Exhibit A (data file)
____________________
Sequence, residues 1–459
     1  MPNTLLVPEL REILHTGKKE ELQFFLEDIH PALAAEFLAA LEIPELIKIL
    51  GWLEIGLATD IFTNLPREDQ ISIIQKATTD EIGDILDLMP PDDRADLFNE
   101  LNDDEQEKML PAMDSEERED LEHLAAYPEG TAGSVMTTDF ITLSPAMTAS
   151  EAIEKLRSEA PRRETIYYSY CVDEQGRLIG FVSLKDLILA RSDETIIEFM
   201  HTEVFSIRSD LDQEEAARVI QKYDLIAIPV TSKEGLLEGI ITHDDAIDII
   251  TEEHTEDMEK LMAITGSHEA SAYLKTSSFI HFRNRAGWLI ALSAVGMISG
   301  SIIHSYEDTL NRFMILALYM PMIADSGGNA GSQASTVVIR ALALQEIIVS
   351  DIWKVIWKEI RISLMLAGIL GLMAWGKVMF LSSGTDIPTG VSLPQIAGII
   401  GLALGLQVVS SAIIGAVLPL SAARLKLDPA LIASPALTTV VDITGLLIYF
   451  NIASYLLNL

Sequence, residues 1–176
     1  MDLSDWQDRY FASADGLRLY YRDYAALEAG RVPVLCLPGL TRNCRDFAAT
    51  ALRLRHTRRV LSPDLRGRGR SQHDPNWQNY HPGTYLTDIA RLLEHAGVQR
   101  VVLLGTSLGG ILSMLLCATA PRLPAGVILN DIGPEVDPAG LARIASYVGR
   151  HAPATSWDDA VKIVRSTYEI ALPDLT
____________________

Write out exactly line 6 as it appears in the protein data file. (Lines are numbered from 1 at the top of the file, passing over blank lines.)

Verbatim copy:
   201  HTEVFSIRSD LDQEEAARVI QKYDLIAIPV TSKEGLLEGI ITHDDAIDII